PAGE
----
Synopsis by Hans J. Wollstein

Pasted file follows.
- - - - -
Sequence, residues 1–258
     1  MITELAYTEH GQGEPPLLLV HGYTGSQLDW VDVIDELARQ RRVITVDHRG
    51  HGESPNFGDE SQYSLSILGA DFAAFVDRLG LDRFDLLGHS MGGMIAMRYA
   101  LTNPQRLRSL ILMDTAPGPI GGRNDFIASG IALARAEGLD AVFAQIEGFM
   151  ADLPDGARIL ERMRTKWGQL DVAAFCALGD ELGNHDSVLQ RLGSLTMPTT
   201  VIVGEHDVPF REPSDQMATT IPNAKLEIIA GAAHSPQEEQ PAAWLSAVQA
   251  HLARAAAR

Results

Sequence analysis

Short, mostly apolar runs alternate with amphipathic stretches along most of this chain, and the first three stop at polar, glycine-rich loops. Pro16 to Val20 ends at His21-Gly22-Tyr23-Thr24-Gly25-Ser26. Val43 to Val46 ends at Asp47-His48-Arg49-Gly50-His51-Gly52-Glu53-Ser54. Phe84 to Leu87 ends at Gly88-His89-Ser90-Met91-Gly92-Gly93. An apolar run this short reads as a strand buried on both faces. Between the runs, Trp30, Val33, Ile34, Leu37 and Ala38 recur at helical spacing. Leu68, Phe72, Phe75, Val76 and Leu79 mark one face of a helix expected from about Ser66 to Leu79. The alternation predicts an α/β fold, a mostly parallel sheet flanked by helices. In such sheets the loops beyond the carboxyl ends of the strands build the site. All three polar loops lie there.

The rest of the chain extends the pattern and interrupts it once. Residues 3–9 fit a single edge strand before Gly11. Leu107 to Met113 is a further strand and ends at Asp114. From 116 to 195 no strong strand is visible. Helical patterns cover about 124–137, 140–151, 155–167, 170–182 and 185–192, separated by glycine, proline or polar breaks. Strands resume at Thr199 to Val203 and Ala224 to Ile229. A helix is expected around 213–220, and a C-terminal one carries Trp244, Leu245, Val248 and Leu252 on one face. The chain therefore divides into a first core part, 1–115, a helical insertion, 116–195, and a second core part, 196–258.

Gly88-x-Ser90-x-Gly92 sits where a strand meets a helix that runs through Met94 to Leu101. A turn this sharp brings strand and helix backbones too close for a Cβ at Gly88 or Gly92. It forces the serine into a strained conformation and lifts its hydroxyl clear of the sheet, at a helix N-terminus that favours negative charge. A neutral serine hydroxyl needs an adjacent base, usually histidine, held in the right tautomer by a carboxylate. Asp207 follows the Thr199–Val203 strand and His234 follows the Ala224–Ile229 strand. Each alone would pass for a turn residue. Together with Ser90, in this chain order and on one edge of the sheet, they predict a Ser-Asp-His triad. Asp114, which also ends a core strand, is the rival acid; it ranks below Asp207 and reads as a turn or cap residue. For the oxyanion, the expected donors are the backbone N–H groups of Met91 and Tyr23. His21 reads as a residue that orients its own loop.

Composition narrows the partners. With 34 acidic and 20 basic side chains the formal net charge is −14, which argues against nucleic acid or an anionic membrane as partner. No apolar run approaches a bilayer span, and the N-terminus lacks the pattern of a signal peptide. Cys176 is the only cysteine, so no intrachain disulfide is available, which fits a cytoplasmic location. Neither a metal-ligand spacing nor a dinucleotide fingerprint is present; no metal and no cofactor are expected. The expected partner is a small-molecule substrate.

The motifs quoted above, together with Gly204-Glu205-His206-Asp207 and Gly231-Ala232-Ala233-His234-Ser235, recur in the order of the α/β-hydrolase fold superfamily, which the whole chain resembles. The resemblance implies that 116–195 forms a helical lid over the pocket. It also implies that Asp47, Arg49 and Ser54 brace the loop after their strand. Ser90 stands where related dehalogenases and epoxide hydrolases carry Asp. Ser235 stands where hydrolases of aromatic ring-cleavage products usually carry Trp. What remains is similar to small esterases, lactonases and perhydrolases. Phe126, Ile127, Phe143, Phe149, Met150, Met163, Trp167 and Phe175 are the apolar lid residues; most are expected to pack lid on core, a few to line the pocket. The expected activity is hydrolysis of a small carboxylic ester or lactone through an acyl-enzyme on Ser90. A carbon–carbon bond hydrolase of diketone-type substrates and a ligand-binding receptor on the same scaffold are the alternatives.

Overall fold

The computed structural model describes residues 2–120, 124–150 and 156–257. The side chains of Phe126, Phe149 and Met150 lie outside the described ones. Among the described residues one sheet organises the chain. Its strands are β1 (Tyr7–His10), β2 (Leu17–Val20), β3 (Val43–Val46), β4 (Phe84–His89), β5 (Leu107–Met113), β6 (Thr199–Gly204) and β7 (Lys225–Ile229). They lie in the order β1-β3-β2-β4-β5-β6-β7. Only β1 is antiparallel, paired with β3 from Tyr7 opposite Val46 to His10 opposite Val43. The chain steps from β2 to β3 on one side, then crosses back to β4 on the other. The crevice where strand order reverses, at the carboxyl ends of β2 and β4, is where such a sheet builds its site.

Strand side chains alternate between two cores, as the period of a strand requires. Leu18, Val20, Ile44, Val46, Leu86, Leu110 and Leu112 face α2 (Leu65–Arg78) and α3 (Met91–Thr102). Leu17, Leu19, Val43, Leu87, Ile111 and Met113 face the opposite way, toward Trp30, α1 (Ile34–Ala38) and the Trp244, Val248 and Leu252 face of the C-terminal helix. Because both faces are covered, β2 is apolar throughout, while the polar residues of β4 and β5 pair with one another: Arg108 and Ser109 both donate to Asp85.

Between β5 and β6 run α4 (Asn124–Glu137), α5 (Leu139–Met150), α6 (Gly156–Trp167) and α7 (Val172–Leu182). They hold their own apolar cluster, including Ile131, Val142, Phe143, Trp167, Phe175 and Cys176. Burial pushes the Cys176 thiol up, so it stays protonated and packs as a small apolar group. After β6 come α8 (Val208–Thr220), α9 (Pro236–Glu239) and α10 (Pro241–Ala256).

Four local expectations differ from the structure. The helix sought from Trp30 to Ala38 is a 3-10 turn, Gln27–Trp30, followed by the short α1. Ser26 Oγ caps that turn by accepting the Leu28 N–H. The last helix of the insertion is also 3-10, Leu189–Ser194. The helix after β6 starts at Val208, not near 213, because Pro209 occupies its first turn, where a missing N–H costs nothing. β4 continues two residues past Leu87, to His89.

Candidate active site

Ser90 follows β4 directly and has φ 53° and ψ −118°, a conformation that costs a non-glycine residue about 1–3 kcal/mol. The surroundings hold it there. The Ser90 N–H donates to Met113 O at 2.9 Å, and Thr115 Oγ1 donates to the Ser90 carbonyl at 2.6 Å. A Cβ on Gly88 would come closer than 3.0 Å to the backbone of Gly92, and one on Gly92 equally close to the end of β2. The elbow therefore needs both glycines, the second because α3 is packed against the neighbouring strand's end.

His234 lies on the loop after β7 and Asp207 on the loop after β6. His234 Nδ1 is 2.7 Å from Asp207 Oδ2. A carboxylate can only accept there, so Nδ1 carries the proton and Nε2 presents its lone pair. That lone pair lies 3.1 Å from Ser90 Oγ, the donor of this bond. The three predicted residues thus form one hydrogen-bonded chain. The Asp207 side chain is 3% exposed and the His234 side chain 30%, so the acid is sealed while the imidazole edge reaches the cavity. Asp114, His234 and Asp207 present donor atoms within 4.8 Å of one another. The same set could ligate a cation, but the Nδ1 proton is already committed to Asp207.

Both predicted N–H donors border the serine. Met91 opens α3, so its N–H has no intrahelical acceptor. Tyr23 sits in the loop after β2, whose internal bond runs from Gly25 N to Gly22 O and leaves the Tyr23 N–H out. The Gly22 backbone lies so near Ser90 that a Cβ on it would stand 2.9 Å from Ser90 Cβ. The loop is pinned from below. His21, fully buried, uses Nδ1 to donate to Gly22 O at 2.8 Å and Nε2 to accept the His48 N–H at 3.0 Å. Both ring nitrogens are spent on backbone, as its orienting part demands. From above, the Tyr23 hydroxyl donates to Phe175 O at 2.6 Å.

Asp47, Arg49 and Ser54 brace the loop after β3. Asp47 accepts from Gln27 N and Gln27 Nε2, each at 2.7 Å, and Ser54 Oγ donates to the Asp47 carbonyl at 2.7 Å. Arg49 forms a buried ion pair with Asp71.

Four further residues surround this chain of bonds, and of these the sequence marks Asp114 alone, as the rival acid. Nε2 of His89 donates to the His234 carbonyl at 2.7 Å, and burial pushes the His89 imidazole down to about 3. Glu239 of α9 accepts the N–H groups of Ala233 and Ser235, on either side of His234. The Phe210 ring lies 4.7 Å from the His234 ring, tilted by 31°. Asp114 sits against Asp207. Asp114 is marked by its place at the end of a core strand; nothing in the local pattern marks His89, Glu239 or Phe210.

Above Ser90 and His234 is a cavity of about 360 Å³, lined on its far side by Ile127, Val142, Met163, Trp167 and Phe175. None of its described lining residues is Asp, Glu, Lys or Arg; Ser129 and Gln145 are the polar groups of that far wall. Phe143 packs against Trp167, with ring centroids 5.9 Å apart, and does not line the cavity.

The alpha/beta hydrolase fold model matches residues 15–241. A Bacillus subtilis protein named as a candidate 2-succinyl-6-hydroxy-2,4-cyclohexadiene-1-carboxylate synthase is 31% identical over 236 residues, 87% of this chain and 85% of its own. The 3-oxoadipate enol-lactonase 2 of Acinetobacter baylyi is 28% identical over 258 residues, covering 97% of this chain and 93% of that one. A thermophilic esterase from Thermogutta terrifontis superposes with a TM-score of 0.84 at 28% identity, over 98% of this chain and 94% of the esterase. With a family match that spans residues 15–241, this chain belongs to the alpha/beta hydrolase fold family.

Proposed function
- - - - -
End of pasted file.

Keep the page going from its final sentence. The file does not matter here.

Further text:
Tim McCoy played the classic good/bad man in this average B-Western from Columbia Pictures filmed in about a week and on a reported budget of 12,000 dollars. McCoy played Tim Richards, a cowboy who escapes from jail after serving a sentence for a crime he didn't commit. He obtains a job checking cattle for rancher "Two Block" Burnett (Joseph W. Girard) and is almost immediately forced into a range war between Burnett and his neighbors, Ed (Wheeler Oakman) and Jack Wilder (J. Carrol Naish), who mistakenly believe that Burnett killed their father. Tim falls in love with Ed and Jack's sister, Wynne (Florence Britton), and when Tim is framed for the murder of alcoholic "Coyote" Cotter (Walter Brennan), the Wilders stand by him. The real murderer proves to be Carl Lawler (Matthew Betz), a former cellmate of Tim's. There is a climactic fire set by Lawler and the inevitable shootout, which leaves only Tim standing. Having made the area safe from the likes of Lawler and his boss, crooked lawyer Oscar Sikes (William V. Mong), Tim is cleared of all charges, the Wilders and Burnett come to an agreement, and Wynne accepts Tim's proposal of marriage. As in the later Rusty Rides Alone, Wheeler Oakman, usually cast as a boss villain, played a good guy this time around. Director D. Ross Lederman was almost fired by studio owner Harry Cohn, accused of having leaked the meager budget of this film.